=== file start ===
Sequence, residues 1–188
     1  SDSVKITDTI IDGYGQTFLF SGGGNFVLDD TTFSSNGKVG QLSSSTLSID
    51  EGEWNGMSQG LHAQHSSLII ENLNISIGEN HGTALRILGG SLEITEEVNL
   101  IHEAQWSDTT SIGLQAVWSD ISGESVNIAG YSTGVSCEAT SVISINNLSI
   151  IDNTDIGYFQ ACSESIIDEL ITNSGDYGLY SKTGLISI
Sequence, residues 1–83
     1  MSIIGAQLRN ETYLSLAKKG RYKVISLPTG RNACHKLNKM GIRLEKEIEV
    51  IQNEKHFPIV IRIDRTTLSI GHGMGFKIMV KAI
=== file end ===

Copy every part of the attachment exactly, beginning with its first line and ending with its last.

Sequence, residues 1–188
     1  SDSVKITDTI IDGYGQTFLF SGGGNFVLDD TTFSSNGKVG QLSSSTLSID
    51  EGEWNGMSQG LHAQHSSLII ENLNISIGEN HGTALRILGG SLEITEEVNL
   101  IHEAQWSDTT SIGLQAVWSD ISGESVNIAG YSTGVSCEAT SVISINNLSI
   151  IDNTDIGYFQ ACSESIIDEL ITNSGDYGLY SKTGLISI
Sequence, residues 1–83
     1  MSIIGAQLRN ETYLSLAKKG RYKVISLPTG RNACHKLNKM GIRLEKEIEV
    51  IQNEKHFPIV IRIDRTTLSI GHGMGFKIMV KAI